The backgrounds and backdrops are generally excellent. The maze-like structure of the Fujo building is very well depicted, as are the various outdoor scenes and indoor scenes. The CG has been almost seamlessly incorporated into the show, and the smoothness of the CG adds to the effect of the action sequences.

One area where the movie manages to stamp its mark is with the sound effects. These are often very clear and well used, fading to background noise when necessary.The effects used during the action sequences are sometimes sharp in comparison to the rest of the movie, whilst the effects used to promote an atmosphere of tension are a little lacking. The music sometimes lacks a little subtlety, but generally serves to heighten the effect of a particular scene, adding a sense of foreboding in to sequences that need that extra “oomph”.

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Why do creepy floating women always wear white?

The voice actors are well used, with the three main characters being decently portrayed. Sakamoto Maaya, who plays the role of Ryougi Shiki, brings a certain edge, a certain chill, to her voice at the times when it’s necessary, something which adds to the overall effect of the character. Unfortunately, the rest of the cast don’t really have much scope to display their skill, and this barrier pretty much destroys any hope of decent character development.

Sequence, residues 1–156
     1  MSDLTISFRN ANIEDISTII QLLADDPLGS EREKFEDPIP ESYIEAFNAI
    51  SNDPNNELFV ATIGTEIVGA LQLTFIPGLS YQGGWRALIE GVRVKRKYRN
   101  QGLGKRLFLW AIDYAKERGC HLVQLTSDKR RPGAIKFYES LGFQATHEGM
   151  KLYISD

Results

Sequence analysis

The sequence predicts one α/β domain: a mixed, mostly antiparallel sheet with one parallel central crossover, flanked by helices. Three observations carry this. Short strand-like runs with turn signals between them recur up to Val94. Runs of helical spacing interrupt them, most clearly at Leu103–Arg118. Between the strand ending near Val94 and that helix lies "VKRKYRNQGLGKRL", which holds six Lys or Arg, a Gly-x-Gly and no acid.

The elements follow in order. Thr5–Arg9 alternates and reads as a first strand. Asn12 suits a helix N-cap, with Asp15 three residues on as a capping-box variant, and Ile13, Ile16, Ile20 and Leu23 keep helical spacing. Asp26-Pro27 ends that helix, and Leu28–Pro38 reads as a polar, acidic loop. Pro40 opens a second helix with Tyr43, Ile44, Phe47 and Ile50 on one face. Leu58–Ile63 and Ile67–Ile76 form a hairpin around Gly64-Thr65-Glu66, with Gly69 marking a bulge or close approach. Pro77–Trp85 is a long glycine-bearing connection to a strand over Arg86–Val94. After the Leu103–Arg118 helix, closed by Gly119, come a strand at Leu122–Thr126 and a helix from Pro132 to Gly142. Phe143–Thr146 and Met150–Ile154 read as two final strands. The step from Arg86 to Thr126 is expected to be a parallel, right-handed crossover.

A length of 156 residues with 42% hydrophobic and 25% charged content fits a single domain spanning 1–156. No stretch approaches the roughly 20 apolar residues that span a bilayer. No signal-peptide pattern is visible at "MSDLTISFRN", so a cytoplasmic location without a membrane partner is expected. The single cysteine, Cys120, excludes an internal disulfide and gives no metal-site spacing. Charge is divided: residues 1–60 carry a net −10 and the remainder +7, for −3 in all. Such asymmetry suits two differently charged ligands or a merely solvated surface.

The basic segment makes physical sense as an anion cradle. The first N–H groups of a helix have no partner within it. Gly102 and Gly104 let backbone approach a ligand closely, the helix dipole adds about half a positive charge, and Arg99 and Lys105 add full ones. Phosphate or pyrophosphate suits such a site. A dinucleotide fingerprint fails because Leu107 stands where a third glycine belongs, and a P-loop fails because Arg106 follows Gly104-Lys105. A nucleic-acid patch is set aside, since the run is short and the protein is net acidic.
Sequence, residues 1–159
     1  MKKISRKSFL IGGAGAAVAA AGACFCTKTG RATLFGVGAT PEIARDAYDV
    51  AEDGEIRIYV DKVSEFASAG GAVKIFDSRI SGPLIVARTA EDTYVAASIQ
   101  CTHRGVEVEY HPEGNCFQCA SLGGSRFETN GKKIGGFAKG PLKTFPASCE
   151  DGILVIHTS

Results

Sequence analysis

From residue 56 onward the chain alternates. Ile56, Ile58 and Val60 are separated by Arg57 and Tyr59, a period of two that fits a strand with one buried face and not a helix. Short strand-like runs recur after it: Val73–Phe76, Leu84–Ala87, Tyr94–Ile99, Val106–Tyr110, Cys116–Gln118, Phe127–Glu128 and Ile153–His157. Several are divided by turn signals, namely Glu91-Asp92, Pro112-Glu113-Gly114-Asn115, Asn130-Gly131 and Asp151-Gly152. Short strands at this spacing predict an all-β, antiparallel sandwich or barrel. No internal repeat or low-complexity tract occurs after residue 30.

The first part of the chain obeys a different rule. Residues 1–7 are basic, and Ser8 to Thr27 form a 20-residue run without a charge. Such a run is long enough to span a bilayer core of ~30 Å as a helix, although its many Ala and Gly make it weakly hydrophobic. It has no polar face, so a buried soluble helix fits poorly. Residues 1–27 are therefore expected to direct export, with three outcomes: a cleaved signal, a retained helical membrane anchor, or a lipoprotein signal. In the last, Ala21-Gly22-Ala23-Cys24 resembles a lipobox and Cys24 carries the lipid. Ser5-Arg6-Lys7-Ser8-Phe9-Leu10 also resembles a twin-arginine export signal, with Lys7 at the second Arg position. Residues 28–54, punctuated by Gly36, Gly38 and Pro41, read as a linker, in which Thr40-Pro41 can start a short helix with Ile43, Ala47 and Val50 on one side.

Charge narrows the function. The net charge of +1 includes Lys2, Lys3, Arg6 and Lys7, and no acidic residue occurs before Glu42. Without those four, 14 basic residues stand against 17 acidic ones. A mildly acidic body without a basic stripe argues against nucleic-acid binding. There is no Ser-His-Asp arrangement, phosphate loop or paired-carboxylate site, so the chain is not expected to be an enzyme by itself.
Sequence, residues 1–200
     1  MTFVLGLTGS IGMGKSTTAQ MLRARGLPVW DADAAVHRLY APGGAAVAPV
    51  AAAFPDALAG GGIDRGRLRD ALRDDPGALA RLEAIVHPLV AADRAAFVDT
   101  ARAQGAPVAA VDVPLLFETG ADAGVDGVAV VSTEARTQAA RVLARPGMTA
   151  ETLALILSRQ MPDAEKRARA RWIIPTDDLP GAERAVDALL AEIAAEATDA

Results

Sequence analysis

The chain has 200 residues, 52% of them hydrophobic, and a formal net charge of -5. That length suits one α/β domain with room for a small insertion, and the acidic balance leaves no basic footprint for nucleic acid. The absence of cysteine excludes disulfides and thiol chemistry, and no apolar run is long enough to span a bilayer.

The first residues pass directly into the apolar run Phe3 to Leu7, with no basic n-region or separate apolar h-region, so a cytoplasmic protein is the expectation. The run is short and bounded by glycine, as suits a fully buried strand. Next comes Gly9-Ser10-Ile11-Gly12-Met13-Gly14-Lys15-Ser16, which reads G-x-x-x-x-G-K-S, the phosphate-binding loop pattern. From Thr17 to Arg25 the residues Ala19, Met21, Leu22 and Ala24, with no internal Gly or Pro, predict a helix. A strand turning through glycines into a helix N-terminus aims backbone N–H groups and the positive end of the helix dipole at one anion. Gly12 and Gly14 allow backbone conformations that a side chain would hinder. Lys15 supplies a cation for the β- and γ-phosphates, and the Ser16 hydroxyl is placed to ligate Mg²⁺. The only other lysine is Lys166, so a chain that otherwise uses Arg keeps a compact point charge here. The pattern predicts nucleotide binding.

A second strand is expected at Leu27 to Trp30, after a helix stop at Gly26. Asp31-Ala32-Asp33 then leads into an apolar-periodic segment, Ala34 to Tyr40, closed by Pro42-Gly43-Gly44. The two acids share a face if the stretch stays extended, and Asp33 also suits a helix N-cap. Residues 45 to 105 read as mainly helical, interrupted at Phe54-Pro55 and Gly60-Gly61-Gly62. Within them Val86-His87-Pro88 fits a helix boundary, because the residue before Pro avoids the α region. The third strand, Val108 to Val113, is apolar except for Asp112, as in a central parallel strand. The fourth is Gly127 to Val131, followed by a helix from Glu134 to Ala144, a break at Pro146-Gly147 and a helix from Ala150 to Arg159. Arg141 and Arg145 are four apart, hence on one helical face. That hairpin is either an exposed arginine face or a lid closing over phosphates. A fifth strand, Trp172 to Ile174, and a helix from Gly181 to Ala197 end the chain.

Ironically, a fair assessment of the individuals in the movie is difficult due to the run time (about 50 minutes), and that may actually be a good thing. Because of its length there is no real development to each character, and since the plot doesn’t seem to account for this aspect anyway, the hope is that there will be substantials inroads into this are in future installements.

Which is why I’m withholding a final opinion until the end of the series.

As I mentioned before, there are certain parallels with Shingetsutan Tsukihime, and nowhere is this more apparent than with the characters. Ryougi Shiki doesn’t just share her name with Tohno Shiki of Tsukihime, she also has the “Mystic Eyes of Death Perception” (and she looks a bit like Ciel). Likewise, Aozaki Touko shares her name with Aozaki Aoko, and both help the person named Shiki in their respective shows (they also seem to know more than they let on as well).

In general the characters are well done, but they lack a certain depth which will hopefully be rectified as the series continues.

Overall this is a very enjoyable movie. The pacing of the story, the tension of various scenes, and the semi-combative relationship of the characters, all serve to raise this above the often substandard fare around. The fact that the series is being done as individual movies is also a plus, as each story arc is completed within a nice timeframe. The movie may be a little predictable, but as a first offering it is very impressive nonetheless.

Some people may not enjoy the first movie for a number of reasons (it has no real romance, no character development, no sequential plot, etc), but personally, I’m looking forward to the rest of the series.

Kara no Kyoukai Part 2 >>